JEDDAH – There are tremendous opportunities in the water desalination sector in the Gulf region amid continued economic development, said Khaldoun Tabari, CEO of Drake & Scull International (DSI).
In an interview with the Saudi Gazette, he said Drake & Scull Water and Power L.L.C (DSWP) - a well-diversified and specialist contractor in the infrastructure field, especially in the areas of waste water and water solutions, along with its mechanical, electrical and plumbing (MEP) and civil engineering portfolio - are strategically positioned to undertake high-quality water desalination projects.
The demand for water in the region is continually increasing due to population and industry growth coupled with the demand for better standards of living, all of which will drive the construction of more desalination plants, he said.
Over the next decade, as the GCC population sets to soar by 30 percent to over 50 million people, the region will see an increasing strain on its supplies of electricity, food and water. The ways in which the region faces up to these demands and growth will have a major impact on its prosperity and quality of life, not only toward 2020 but for decades to come.
Many of these demands are well known to the region’s governments, which have already started to take the necessary steps.
Around 70 percent of the GCC’s infrastructure investments are being channeled toward sewage and wastewater treatment plants, as the region is highly dependent on desalinated water - its major clean water source - which is very expensive to process, he added.
Aside from bolstering its water treatment and management capabilities, the region will also need to focus more intensively on conserving its scarce supplies of water, as growing populations and wasteful uses of water increasingly strain supplies, he noted.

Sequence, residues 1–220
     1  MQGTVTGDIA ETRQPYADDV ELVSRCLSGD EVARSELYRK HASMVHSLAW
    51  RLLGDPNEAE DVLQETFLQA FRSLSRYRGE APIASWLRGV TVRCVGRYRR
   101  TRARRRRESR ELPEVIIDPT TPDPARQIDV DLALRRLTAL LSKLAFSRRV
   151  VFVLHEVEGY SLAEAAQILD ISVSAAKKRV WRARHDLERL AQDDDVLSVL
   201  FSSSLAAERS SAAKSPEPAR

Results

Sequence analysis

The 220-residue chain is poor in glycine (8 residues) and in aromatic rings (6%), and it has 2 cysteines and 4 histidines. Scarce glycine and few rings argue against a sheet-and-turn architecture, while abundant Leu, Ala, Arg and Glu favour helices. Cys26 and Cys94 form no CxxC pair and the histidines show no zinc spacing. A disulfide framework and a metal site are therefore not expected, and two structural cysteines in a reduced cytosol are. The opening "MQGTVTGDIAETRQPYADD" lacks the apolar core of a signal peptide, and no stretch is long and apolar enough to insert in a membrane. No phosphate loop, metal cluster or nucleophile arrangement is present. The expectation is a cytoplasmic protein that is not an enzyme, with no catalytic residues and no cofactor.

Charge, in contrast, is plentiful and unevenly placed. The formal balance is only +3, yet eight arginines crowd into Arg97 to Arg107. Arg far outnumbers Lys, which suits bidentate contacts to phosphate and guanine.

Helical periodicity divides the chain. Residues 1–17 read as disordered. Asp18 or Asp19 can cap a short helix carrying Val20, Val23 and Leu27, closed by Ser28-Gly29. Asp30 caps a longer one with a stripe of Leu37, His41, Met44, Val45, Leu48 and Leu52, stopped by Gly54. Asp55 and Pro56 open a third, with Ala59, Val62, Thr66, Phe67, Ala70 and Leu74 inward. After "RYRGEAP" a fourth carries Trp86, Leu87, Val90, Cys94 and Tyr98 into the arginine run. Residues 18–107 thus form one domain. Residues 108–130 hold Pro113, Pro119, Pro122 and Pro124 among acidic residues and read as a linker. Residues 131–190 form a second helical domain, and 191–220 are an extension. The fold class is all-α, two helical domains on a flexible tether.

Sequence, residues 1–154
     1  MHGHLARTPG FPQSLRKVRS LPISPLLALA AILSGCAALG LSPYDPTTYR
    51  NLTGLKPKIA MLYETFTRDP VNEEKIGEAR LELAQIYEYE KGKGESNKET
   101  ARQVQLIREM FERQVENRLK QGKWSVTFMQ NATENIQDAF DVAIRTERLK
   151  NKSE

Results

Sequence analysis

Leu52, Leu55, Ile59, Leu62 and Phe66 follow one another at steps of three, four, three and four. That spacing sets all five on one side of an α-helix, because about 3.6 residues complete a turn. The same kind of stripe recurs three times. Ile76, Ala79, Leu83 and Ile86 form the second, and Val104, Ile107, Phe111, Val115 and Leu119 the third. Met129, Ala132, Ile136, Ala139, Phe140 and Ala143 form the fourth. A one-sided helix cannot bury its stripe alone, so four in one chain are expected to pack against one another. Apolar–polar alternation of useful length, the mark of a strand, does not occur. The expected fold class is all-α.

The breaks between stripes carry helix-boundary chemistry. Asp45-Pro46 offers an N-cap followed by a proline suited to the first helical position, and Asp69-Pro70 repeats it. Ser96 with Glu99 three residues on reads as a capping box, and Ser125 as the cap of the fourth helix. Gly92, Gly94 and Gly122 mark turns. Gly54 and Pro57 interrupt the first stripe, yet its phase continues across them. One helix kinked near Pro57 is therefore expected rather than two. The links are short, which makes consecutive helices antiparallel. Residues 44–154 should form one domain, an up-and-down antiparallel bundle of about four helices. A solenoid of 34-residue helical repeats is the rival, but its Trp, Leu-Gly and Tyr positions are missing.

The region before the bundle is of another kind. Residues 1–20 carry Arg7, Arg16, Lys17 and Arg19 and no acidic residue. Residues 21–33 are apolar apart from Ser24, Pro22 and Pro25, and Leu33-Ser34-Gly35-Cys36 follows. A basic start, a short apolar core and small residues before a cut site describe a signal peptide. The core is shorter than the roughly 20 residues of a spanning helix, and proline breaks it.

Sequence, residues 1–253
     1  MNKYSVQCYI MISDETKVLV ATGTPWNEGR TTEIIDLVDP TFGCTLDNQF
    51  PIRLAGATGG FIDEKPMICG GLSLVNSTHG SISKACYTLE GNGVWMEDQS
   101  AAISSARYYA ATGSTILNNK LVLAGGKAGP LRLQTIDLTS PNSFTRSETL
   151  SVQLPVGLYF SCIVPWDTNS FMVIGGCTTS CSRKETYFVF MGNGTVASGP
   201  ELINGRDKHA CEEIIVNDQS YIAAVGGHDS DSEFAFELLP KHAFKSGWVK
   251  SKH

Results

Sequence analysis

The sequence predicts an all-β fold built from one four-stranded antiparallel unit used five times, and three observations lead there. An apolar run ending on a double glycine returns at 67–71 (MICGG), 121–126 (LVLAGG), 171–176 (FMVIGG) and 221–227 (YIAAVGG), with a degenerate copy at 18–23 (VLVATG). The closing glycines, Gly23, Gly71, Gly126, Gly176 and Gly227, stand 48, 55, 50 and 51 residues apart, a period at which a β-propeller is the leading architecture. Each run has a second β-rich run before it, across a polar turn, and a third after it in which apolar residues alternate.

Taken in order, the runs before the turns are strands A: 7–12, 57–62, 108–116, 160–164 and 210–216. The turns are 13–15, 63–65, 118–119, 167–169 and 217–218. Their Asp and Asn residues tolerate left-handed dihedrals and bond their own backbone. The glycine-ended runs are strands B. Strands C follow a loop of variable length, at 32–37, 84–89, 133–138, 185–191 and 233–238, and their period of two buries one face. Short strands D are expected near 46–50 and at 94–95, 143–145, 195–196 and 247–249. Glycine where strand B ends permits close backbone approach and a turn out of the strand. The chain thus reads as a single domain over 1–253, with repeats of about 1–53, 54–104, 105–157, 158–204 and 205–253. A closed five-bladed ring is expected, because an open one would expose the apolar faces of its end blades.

On the brighter side, water shortages do create opportunities to develop new water-producing technologies and industries, including new and more energy-efficient desalination technologies, the CEO of DSI added.
Against this backdrop, Tabari said DSWP possesses the core technological elements and a solid experience to cater for such competitive and technical sectors, and will significantly contribute to the profitability of DSI in the future.
"Water shortage is an ongoing threat to this region, which has to provide for a growing population and its sanitary needs while meeting the growing water requirements of its various high-growth industries. Bahrain, Qatar, Kuwait, the UAE and Saudi Arabia yield annual per-capita freshwater resources of approximately 100 cubic meters, falling far short of the internationally-recognized minimum amount of 1,000 cubic meters water per person per year. Water and wastewater treatment infrastructure thus rank high in the development agendas of GCC countries," he said.
The use of advanced treatment technologies allowing the re-use of water is only one of the steps possible to overcome this scarcity. In general, an increased social awareness is required to understand the real value of water. This will help in the proper utilization of this resource, thus reducing over-use as exemplified by the Gulf having some of the largest per capita consumption rates of water in the world. This in turn would automatically lead to less demand for treatment of already scarce water sources, which are becoming increasingly more difficult and more expensive to treat and consequently deliver to end-users, he emphasized.
In the coming decade, Tabari forecast that GCC countries will face pressure to use their energy resources more efficiently, in order to supply their rapidly growing populations, free up resources for export, and address concerns about climate change and pollution.
He added though that the region already has good incentives to improve the management of its natural resources, extracting more benefit from its energy endowments, improving the efficiency of its energy and energy-intensive water usage.
In the wider perspective, he said the Middle East and North Africa’s key challenge stems from water scarcity. The lack of clean water and the remoteness of locations within the MENA region from treatable water sources, let alone clean water, are two of the biggest problems faced by communities.
“Overall there is substantial demand for DSWP’s services in the region, which we intend to meet through a systematic and comprehensive plan that identifies these lucrative opportunities and allocates the right resources accordingly.”
He noted that last year, the company was involved in a number of projects that affirmed the high levels of activity in water treatment and desalination development across the country and throughout the region.
DSWP is capable of delivering a host of integrated solutions, Tabari noted. – SG